The other day, my mom and I were leaving the house to go to confession when we bumped into my dad.  We proceeded to almost beg him to join us. After about 10 minutes of talking about it, my mom and I failed to convince him and went by ourselves. When I asked my dad why he would not go he didn’t really answer the question. He just kind of brushed it off like he was too busy and what not. During this encounter though, my dad threw into the conversation that it had been probably been close to 30 years since the last time he experienced that sacrament. I nervously tried to explain to him that death is so relevant and that he needs to pick up his sinful booty and get to the confessional.  He then agreed with me and sent us on our way. So if somebody IS aware of death and has faith in God, what could possibly be stopping them? Pride? Nervousness? In James 4, it is written that if we “draw near to God and he will draw near to you” and that “God opposes the proud, but gives grace to the humble”. If you read all of James 4 you will know and understand that God doesn’t call us to be perfection.  Yes He likes us to try, but He just wants us to know for ourselves that we are not perfect, because nobody is. This is what He is trying to prove to us through Confession, which if you go and really express your desire to be forgiven, God will not hesitate to do so. He just calls us to not hesitate and give Him our sins and worries.

I once read that the best way to realize that earthly values are temporary, is to look at the ones you had in the past and how relevant they are now. Where are the enjoyments of last year? The more I think about this concept, the more I think about eternal life. What attracts me here on earth is not going to be what attracts me in the after life. None of this matters, and when I think about that, Heaven comes to mind. In my head I think about how amazing it will be: that everyone is actually loving to be one with God, and I will be truly happy. I wouldn’t mind dying right now. I have accepted in my heart that death is not the worst thing in the world, but unfortunately, not everybody looks at death like this. To someone like my dad, they may think of death as scary, thinking “what will come of me?” You do not have to be ready for death all of the time, as perfect as that would be, but we are sinners. However, I once read that you shouldn’t just ignore the concept. Not thinking about death, does not make it go away. So, why not just think about it often, so that you can be ready when it comes. I have a feeling that my dad does not really think about death much at all, and that is why he does not see confession as necessary.

“The most terrible death in which can come to me is the death that will find me in mortal sin.” This is what I read in my devotional at night. Mark Bartek once said, “death is not the worst thing that can happen to you, sin is.” Brothers and sisters in Christ, death is not scary! If you live a life of sin, shame, and pride, it can be scarier if you do not think about it. But, if you receive God’s graces and mercies that He is constantly gifting to us, then there is nothing to be afraid of. We are really only on this earth for God. We were created by God, for God. So live your life for what He created you for. If your love for God doesn’t stop you from sinning, then your love for yourself in that moment is far too great. We must use the gift of compunction to correct our faults. Compunction is a deep and lasting sorrow for your sins. It is important that we utilize this and put in a honest daily effort when it comes to walking like Christ.  We have to be brave enough to renew my intentions and good resolutions each day. These are ways we will become more willing to accept death and your view at life will change forever.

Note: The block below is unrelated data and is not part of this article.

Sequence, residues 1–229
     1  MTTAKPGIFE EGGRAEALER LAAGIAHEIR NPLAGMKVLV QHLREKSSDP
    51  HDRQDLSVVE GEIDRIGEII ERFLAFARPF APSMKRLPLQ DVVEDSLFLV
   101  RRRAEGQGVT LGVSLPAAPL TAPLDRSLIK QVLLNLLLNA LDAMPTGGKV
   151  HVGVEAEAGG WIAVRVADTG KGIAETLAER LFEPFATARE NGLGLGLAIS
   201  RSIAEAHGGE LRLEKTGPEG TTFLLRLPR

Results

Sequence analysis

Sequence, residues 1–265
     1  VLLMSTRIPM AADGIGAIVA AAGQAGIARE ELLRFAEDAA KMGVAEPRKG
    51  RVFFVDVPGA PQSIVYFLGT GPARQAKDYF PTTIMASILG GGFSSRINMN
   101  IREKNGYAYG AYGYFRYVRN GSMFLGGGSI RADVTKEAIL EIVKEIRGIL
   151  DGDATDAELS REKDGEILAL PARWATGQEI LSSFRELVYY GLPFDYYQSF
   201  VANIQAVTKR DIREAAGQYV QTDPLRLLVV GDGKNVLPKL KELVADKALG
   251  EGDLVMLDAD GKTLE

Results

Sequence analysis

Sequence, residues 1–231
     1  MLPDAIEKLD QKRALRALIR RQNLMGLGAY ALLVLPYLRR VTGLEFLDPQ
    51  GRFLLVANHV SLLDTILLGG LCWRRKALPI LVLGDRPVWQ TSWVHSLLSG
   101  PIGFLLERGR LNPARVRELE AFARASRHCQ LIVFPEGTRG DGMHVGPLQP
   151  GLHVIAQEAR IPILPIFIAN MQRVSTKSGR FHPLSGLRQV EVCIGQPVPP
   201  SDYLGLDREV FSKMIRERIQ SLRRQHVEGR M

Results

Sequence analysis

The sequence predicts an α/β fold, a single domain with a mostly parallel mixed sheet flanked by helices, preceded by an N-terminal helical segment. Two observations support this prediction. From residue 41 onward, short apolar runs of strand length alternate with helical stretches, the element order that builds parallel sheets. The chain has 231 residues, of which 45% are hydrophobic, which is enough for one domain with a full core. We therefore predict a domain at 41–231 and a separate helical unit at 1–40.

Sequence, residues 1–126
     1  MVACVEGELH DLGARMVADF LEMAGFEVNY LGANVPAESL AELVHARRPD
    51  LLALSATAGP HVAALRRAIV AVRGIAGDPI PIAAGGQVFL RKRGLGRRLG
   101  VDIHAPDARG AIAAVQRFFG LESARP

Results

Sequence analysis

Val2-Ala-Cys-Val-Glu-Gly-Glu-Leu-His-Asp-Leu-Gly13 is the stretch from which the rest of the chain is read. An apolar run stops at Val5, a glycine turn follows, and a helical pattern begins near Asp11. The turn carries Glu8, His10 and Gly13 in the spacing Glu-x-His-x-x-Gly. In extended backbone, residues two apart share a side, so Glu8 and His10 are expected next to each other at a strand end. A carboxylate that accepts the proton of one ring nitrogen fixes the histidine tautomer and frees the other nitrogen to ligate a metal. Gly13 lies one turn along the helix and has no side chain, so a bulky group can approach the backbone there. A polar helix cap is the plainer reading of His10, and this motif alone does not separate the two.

Saint Maximilian Kolbe, pray for us. Amen.

Society’s Biggest Lie

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Last week’s post- Unwavering Identity– dissected Daniel 3.  Today, I would like to continue the dialogue of identity as I reflect upon quote I stumbled across in The Imitation of Christ by Thomas à Kempis.  The Imitation is one of my absolute favorite books that has become my go to read for spiritual guidance, after the Bible.  It’s filled with advice that is neither watered down nor written with the purpose of consoling your soul, but rather written with the purpose of bringing your soul to Christ.  It is a book that will ‘kick you in the butt’ and- yes- will sometimes drive you to the confessional over a restless conscience, but it will also turn your eyes inward as you search for the Lord and find Him dwelling in your heart.  The bluntness and honesty of The Imitation has proved to be incredibly refreshing in a culture that avoids correcting our actions, no matter how wrong they may be, in order to avoid offending anyone or forming an awkward situation. While there are many times when I come across a line in my reading that I disagree with or do not fully understand, the Lord has granted me wisdom and acceptance in ways that have revealed Truths to me that I have previously rejected- many times due to the culture of this earth.

I had one of these moments a few months ago when I discovered one of the biggest lies that society teaches us, and that is the lie that we should ‘go and find ourselves.’  I have been reflecting on this since I first read it, but it has taken me so so long to fully understand what Kempis is talking about because this is advice we’ve all gotten hundreds of times, and probably even given a few times ourselves, yet it’s advice that Kempis disagrees with.  The quote that provided this realization reads, “If you seek Jesus in everything you will certainly find Jesus.  However, if you seek only yourself, you will find yourself, but to your sorrow” (The Imitation of Christ Book 2 Chapter 7).